Review: Lost in the Mist

Draft Priority: 5

Impact: 5

Stack Status: *6*
Stacker Pentecost.


The done did it here. Referred to as “Trapped in the Closet” for a long time in my group (then transitioned into “Urban Opera” before finally reclaiming the proper title of “Lost in the Mist”), this card is a real Type 4 powerhouse that meets all the criteria for being an awesome Type 4 card. It’s common, cheap, terrible in other formats, and has a tremendous impact on the board. Even if there’s not a particularly opportune spell to counter, somebody is casting something all the time and if you need an emergency bounce spell you can usually find a way to make it happen. It also let us reference R. Kelly, probably the most important thing of all.



Hmm Real Talk

This is obviously dissolving into an R. Kelly reference-fest, which isn’t bad, but not why you read this stuff (like anybody does).

Anyway, Lost in the Mist is a real powerhouse counterspell, maybe one of the best in the format. A surprise hit!

Overall: Five “Did she say there were other guys there?” out of five, Stacker Pentecost Glare of Approval



Review: Witchbane Orb

Draft Priority: 3

Impact: 3

Stack Status: 3
Staple. It is what it is.


This card is about as plain Jane as they come so it’s hard to do much commentary on it, but I was pleased to see it get printed. While the obviously-stapled-on Curses effect just kind of says “yah we needed to make it fit the block somehow lol”, this effect probably should have stayed in white but it’s Type 4 so whatever.

obligatory “lol new cards”

Overall: Three Innistrad Block lols out of five

Review: Feeling of Dread

Draft Priority: 2

Impact: 2

Stack Status: 2
Low-end grinder. This is another one of those mealy cards that adds to your Stack’s bulk.


I’ve been getting a lot of these sort-of-bland ‘utility’ cards to review lately. Card that don’t have a huge splash and are obviously limited fodder, but tend to sneak their way into the Stack because they’re instants or they draw cards. Some people look at a jobber like Feeling of Dread and think “why put that in your pile when you could put in something that costs a million mana?”

It’s not an invalid question. After all, the whole premise of Type 4 is to be over-the-top, and there’s nothing over-the-top about limited junk designed to prevent being killed by Abbey Griffin for a turn or help your Erdwal Ripper sneak in a few more hits. But these cards are present in limited formats for a reason; they affect the flow of the game positively by giving players options that aren’t overwhelmingly powerful, but give them something to do. These cards are like bridges between big plays. Without them, the really spectacular stuff doesn’t feel as fun or important.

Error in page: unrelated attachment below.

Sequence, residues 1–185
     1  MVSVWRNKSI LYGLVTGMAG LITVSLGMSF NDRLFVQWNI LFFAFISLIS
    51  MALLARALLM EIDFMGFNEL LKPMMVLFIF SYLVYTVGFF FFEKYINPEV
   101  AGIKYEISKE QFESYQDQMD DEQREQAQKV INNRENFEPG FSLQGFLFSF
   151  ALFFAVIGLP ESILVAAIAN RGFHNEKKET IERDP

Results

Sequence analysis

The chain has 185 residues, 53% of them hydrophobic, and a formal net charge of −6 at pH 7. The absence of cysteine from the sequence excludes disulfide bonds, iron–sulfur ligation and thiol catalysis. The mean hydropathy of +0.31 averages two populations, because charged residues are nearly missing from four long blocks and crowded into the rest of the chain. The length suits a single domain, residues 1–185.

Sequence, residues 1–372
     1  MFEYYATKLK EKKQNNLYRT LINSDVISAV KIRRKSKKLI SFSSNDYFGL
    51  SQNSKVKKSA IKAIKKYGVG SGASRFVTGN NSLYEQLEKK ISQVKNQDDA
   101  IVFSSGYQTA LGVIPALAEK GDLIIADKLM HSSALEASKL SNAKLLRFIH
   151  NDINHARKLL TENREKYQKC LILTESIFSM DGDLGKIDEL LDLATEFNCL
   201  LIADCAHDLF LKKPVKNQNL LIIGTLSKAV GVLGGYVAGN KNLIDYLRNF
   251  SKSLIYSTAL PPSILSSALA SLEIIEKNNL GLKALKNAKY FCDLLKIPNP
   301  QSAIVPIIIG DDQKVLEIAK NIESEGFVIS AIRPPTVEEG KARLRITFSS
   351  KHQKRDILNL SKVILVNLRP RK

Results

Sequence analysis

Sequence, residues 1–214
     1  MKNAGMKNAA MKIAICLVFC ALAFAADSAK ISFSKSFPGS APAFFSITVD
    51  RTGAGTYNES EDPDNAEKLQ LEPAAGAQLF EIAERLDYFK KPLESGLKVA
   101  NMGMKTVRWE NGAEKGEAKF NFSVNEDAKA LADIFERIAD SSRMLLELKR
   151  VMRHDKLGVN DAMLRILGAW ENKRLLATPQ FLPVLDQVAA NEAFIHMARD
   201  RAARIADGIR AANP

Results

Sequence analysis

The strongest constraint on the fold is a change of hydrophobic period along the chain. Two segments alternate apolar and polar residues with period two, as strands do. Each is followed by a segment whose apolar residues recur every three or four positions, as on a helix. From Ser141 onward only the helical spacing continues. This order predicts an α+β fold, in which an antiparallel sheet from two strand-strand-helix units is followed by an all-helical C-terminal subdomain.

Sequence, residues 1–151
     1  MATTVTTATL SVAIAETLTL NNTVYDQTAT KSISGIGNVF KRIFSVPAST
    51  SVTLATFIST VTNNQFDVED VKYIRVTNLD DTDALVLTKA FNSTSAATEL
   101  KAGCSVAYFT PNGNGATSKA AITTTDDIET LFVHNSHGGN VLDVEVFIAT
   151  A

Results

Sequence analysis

Use cards like Feeling of Dread not just because you have them, but because they do what they’re supposed to do and they make the game noticeably more enjoyable.

Overall: Two terrified well-dressed fancyboys out of five

Review: Rebuke

Draft Priority: 2

Impact: 2

Stack Status: 2
Borderline. It’s never going to get used anywhere else, and it’s an instant, so it barely avoids the scathing treatment of the chopping block.


Deep in the underground WotC development complex the nWo has a sprawling network of rooms where ‘designers’ lured on by online contests slave away chained to their desks in dimly-lit dungeon-like chambers. Cinderblock walls and bare lightbulbs provide a decidedly Soviet decorum to the proceedings, interrupted only by the occasional scrawling on the wall etched in by a designer gone mad… things like “replace Shroud with Hexproof!” and “change the Legend Rule forever to accommodate the Limited play of our new set!”

It’s kind of like this only make it like it was designed by Todd McFarlane

In this grim and existentially-challenging labyrinth, there is a special room for the worst of the worst designers; where they sent the guy who designed Arcbound Ravager until he eventually impaled himself on a safety pencil with much effort and screaming, and for the last few years the designer of Jace, the Mind Sculptor was been confined within (despite his echoing screams of “but I just did exactly what they wanted!”). This room’s heavy steel door is clearly labelled “half-assed white removal spell design”.

In 2011, this card slid out from under that door. In exchange, a meal of uncooked beets and a Fuze Iced Tea was slipped through the meal window.

Overall: Two manacles out of five

Review: Spider Spawning

Draft Priority: 2

Impact: 2

Stack Status: 2
Questionable. While it’s been ok, and nothing more, it’s not something to seek out or kill a sheep and pray for while soaked in it’s entrails or anything.


I really like this card a lot, but I’d be an asshole if I tried to claim it was especially good in Type 4 most of the time. It’s a halfway decent card, kind of sitting on the cusp of getting cut but then it turns up and puts in work during a game.

Part of the problem is that it obviously depends on games going a bit long, which isn’t one of the hallmarks of Type 4. The other issue is that really, 1/2 spiders aren’t exactly blowing up the spot in Type 4, relying on either some kind of force multiplier or a way to convert them into other resources to really matter. Of course, they make good enough chump blockers but you don’t want them stuck in that role.

So as it is, Spider Spawning continues to teeter back and fourth on the razor’s edge of being cut and kept in the stack. For the time being I’ll keep it around.

Overall: Two goat sacrifices out of five